Terri Sewell on Principles & Values



Black women need a seat at the table

[On national politics]: "Black women have helped deliver Biden to the White House," Sewell said. "We helped deliver Senator Doug Jones to the Senate, and I do believe we deserve a seat at the table. The opportunity to represent my home district -- Selma, Alabama, Montgomery, Birmingham, the civil rights district -- is the honor of a lifetime for me. I've worked hard over the last 10 years and here's what I know for sure: Black women need a seat at the table."
Source: The Birmingham News on 2022 Alabama Senate race , Feb 20, 2021

Received Princeton distinguished public service award

The American Whig-Cliosophic Society presented Representative Sewell '86 with its highest honor, the James Madison Award for Distinguished Public Service. Sewell is the first female African American recipient in the honor's 60-year history. In her opening speech, Sewell reflected on her journey from "a public school in Selma, Alabama" to "Princeton, Oxford, Harvard Law School, and now to be the United States Congresswoman from [her] home district of Alabama."
Source: Daily Princetonian on 2022 Alabama Senate race , Dec 20, 2020

More things that combine and bind us than separate us

Sewell acknowledged the challenges in pushing for change as the lone Democrat in Alabama's Congressional delegation, noting that she "had to learn to compromise in order to get the resources and the opportunities" for her constituents. "There are more things that combine us and that bind [Americans] together than that separate us," Sewell continued, "and so trying to forge commonality trying to look for those areas where you can agree on and build out from there is critically important."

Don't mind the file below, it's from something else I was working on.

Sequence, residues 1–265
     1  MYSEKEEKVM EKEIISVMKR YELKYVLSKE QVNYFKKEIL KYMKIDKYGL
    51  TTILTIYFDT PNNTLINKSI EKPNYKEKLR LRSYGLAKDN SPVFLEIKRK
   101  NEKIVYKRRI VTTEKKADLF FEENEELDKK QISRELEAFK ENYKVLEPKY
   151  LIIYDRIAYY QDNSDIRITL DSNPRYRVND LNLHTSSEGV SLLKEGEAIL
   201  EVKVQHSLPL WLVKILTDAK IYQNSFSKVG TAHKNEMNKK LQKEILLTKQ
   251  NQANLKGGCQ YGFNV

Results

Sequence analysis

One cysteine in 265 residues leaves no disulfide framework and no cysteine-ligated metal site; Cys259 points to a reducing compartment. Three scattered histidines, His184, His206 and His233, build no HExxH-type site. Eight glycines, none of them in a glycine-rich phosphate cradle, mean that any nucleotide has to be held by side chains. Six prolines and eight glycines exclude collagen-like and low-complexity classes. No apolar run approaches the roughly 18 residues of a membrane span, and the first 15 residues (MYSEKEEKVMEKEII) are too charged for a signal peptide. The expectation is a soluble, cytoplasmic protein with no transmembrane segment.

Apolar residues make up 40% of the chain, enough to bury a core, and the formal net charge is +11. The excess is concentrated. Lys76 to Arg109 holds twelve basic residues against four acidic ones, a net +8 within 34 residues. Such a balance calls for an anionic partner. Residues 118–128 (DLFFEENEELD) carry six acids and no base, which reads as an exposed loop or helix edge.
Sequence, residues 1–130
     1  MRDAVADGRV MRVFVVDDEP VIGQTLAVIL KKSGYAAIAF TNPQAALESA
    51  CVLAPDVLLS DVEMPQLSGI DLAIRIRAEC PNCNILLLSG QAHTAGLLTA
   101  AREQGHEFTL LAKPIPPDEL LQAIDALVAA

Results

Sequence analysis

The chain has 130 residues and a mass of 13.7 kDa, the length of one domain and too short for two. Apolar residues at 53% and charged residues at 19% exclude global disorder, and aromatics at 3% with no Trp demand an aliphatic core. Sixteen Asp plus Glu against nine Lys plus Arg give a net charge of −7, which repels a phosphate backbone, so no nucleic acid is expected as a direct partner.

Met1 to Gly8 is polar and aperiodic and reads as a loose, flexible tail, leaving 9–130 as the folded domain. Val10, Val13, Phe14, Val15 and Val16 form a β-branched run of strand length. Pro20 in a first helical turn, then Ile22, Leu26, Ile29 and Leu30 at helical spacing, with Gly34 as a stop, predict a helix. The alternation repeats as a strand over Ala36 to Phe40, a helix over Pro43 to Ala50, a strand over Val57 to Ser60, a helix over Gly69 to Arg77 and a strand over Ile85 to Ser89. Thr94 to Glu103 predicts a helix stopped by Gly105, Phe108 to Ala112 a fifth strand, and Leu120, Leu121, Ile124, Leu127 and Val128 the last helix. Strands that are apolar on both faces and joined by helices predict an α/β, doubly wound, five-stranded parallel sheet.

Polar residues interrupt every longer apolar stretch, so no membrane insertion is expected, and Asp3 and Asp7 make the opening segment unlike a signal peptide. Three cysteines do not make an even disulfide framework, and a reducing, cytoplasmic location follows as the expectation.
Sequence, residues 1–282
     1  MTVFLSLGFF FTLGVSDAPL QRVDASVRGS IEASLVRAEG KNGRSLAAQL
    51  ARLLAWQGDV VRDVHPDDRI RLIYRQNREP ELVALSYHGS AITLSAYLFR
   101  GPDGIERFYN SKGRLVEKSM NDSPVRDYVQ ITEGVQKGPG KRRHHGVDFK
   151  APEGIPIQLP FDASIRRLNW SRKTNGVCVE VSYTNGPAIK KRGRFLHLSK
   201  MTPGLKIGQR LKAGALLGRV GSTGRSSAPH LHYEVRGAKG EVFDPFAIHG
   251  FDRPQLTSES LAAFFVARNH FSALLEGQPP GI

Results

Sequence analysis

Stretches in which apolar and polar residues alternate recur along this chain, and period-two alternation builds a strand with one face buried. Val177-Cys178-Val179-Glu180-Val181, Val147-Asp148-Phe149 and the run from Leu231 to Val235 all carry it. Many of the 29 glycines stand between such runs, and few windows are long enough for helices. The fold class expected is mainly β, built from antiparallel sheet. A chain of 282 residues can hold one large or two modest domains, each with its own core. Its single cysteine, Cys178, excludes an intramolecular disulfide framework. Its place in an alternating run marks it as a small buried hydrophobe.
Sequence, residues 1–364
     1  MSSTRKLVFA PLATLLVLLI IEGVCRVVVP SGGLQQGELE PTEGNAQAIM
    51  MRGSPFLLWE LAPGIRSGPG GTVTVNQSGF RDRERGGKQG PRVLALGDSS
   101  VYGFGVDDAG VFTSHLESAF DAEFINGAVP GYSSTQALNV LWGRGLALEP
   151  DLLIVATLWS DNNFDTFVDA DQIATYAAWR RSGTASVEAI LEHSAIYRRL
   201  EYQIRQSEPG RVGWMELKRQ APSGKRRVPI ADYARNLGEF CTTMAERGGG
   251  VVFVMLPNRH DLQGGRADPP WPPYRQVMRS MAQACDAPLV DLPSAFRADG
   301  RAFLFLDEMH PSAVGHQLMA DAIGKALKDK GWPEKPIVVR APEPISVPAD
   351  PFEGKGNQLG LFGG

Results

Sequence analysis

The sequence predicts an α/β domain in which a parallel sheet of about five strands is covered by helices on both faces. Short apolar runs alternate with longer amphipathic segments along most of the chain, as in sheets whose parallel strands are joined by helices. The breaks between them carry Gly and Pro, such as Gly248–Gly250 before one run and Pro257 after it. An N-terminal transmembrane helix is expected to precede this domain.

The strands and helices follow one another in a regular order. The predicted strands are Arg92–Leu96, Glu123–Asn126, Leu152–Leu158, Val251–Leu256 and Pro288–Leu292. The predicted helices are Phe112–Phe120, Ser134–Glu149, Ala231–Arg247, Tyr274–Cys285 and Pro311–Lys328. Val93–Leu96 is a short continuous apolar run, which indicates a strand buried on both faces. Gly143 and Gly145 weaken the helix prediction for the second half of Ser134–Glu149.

Source: Daily Princetonian on 2022 Alabama Senate race , Dec 20, 2020

Question Trump on Emoluments clause.

Sewell signed questioning Trump on Emoluments clause

Excerpts from Letter from 17 Senators to Trump Organization: The Trump Organization's continuing financial relationship with President Trump raises concerns about whether it is a pass-through for income that violates the Constitution's two Emoluments Clauses: Article I, Section 9, Clause 8 on foreign Emoluments; and Article II, Clause 7 on domestic Emoluments. Please answer the following questions to help Congress understand:

Legal Analysis: (Cato Institute, "Emoluments Clause vs. Trump Empire," 11/29/16): The wording of the Emoluments clause points one way to resolution: Congress can give consent, as it did in the early years of the Republic to presents received by Ben Franklin. It can decide what it is willing to live with in the way of Trump conflicts. If it misjudges public opinion, it will pay a political price at the next election.

FOIA argument: (ACLU Center for Democracy, "FOIA Request," 1/19/17): We filed our first Freedom of Information Act request of the Trump Era, seeking documents relating President Trump's conflicts of interest relating to his business connections. When Trump took the oath of office, he didn't take the steps necessary to ensure that he and his family's business interests comply with the Constitution. Some have even argued that upon taking the oath of office, the new president is already violating the Emoluments Clause.

Source: Letter from 17 Senators 17LTR-EMOL on May 18, 2017

Certify 2020 Presidential election as fully & fairly counted.

Sewell voted NAY blocking certification of the Electoral vote

Explanation of 1/6/21 Electoral Certification, by Emily Brooks, Washington Examiner:Sen. Ted Cruz and Rep. Paul Gosar led an objection to counting Electoral College votes from the state of Arizona, the first formal objection to state results in a series of moves that will delay the certification of Joe Biden as the winner of the 2020 presidential election over President Trump. Cruz is advocating for an `emergency 10-day audit` of election returns in disputed states. The usually ceremonial joint session of Congress that convenes to count and accept Electoral College votes will be put on hold as the House and Senate separately debate the objection.